Plague is a disease caused by infection with the bacteria, Yersinia pestis, which maintains its existence in a cycle involving rodents and their fleas. Many types of rodents such as ground squirrels, woodrats, prairie dogs, chipmunks, marmots, and mice are important hosts of plague. Fleas pick up the bacteria when they bite and feed on animals infected with plague. The infected fleas can then bite other animals and people, spreading the disease. Additional methods of transmission include handling of infected animals (live or dead) and airborne infection, particularly by a pet cat. An infected cat will often become very ill and can directly infect humans when they sneeze infectious droplets into the air (pneumonic plague). Dogs are less likely to become ill, but can still bring plague-infected fleas into homes.
Symptoms of bubonic plague include sudden onset of fever, headache, chills, weakness and one or more swollen, tender and painful lymph nodes (called buboes). Without treatment, the bacteria can spread to other parts of the body. Septicemic (bloodstream) plague may cause added symptoms such as abdominal pain, shock and sometimes bleeding into the skin and other organs. These forms result from infected flea bites or from handling an infected animal. Pneumonic (lungs) plague also causes fever, headache and weakness and a rapidly developing pneumonia with shortness of breath, chest pain, cough and sometimes bloody or watery mucous. It develops from inhaling infectious airborne droplets or from bacteria reaching the lungs because of untreated bubonic or septicemic plague. Pneumonic plague is the most serious form of the disease, as it may cause respiratory failure and shock. This is the only form of the disease that can be spread from person to person. Plague is a serious illness and must be treated promptly by medical providers. Fortunately, modern antibiotics are effective treatments for plague, especially when applied early.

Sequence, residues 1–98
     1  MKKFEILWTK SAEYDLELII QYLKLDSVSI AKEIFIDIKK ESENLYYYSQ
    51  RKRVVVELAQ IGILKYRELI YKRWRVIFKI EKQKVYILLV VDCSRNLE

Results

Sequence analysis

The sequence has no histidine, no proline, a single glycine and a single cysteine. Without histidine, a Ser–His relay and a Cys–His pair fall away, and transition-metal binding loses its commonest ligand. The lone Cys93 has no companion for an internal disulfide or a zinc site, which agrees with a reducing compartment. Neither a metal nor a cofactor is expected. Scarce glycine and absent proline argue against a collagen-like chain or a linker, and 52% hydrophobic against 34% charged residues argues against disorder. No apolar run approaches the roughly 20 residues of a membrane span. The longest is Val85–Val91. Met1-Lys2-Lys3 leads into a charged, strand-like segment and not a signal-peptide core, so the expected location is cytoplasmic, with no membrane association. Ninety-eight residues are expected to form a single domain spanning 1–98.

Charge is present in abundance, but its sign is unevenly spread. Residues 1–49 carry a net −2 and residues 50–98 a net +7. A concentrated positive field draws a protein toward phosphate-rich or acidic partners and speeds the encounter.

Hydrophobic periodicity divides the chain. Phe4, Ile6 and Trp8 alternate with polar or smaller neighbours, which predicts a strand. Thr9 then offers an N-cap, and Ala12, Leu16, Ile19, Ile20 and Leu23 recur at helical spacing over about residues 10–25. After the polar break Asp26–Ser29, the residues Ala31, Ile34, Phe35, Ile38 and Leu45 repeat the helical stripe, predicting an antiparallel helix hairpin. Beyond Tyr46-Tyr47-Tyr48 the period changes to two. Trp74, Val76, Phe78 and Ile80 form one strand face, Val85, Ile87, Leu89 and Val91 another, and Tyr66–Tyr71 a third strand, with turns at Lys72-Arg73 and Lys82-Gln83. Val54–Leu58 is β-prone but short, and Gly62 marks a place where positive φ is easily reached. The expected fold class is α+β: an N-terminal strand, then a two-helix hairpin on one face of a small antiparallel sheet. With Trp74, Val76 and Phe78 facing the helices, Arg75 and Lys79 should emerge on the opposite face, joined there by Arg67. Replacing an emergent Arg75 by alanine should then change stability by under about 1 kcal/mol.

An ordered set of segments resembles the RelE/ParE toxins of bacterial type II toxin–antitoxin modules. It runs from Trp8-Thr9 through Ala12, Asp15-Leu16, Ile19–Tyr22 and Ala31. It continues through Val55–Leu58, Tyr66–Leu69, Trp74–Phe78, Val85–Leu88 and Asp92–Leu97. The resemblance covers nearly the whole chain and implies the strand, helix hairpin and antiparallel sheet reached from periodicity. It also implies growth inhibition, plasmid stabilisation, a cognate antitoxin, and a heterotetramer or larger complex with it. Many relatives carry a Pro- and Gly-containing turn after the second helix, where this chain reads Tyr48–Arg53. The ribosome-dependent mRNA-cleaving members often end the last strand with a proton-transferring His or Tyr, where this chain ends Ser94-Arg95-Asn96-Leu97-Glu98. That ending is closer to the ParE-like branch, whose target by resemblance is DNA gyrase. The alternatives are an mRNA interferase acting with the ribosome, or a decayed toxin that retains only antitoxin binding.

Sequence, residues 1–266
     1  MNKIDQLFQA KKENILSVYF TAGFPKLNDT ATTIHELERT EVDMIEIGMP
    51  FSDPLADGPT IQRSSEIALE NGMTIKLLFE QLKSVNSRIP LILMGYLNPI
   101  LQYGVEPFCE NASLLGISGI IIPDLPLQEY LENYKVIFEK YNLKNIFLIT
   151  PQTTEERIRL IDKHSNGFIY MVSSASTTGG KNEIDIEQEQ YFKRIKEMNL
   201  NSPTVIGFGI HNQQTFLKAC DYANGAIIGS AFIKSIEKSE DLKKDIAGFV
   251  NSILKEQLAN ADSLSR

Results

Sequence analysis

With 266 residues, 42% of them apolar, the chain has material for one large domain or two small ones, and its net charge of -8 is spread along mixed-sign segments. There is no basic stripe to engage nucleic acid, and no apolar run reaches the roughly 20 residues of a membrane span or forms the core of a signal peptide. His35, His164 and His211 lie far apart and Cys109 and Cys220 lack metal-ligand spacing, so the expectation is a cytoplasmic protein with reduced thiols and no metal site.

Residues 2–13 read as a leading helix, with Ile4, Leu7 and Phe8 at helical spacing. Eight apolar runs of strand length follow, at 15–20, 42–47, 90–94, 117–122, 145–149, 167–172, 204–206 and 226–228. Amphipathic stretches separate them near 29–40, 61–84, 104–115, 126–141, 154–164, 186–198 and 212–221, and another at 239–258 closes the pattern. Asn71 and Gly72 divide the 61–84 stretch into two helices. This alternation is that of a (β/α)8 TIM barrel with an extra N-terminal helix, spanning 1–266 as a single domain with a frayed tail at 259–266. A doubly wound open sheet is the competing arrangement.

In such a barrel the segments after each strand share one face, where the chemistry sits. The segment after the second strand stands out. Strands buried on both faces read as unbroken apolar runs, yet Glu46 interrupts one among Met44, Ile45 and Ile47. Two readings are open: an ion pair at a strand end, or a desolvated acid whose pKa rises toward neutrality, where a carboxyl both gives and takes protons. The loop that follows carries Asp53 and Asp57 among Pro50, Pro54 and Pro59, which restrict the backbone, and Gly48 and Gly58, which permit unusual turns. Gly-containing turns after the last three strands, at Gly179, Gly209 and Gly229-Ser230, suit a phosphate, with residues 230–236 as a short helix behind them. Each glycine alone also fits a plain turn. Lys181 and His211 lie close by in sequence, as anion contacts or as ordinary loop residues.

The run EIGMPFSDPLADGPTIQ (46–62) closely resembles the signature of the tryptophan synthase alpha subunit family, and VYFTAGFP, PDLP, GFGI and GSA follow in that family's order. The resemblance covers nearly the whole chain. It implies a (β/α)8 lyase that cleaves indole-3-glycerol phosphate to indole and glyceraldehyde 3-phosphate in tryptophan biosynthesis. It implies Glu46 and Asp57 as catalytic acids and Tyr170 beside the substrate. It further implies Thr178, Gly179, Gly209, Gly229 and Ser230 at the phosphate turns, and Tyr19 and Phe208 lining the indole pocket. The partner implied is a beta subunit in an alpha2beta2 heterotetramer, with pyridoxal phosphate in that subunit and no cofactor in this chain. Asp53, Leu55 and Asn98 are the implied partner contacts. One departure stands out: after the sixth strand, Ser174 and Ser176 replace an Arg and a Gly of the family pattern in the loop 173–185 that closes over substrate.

Recorded history tells us that plague has appeared in at least three major epidemics worldwide. These occurred in the 6th, 14th and 19th centuries and killed vast numbers of people including about one third the population of Europe during the 14th century. The discovery of the plague transmission cycle and modern antibiotics ended the era of large plague pandemics. However, smaller numbers of human plague cases still occur in rural and urban settings around the world including the United States.
Plague in the U.S.
Plague was first introduced into the U.S. in 1900 in San Francisco by rat-infested steamships that had sailed from affected areas, mostly from Asia. Epidemics occurred in port cities including Los Angeles in 1908. Plague then spread from urban rats in port cities to rural rodent species and became enzootic in many areas of the western U.S. The last urban plague epidemic in the U.S. occurred in Los Angeles from 1924 to 1925 and plague has not been detected in urban areas of California since that time. Between 1900 and 1925 California recorded 375 human cases of plague. An additional 65 human cases have been recorded since 1927 bringing the total in California history to around 440 human cases. In current times, plague is present in certain species of rodents in the mountains and foothills of California. Plague has not been detected in the Central Valley.
Plague is kept in check in California
Surveillance and control measures are conducted in California by trained personnel from state or local health departments and vector control agencies. Many recreational and camping areas in the western U.S. are in areas where plague is occasionally detected. If plague is found, control measures are implemented to reduce or stop the spread of plague bacteria between rodents and fleas. Control is accomplished primarily by encouraging sanitation methods such as eliminating food sources, garbage, brush or trash piles and abandoned structures and treating for fleas in rodent burrows and dens. These activities are usually conducted only where people may come into contact with disease infested rodents and fleas.
What can I do?
When living in or visiting a plague endemic area, stored and fresh foods, dog food, livestock feed and even garbage must be kept in rodent proof containers or areas that eliminate access by rodents. In general, avoid and keep pets away from dead or sick rodents and animal burrows where fleas may be seeking a new host. Applying repellent containing the active ingredient D.E.E.T. to socks and pant cuffs, putting flea and tick collars on pets, staying on trails and out of grassy areas and taping pants to your shoes or boots will help reduce the risk of flea bites.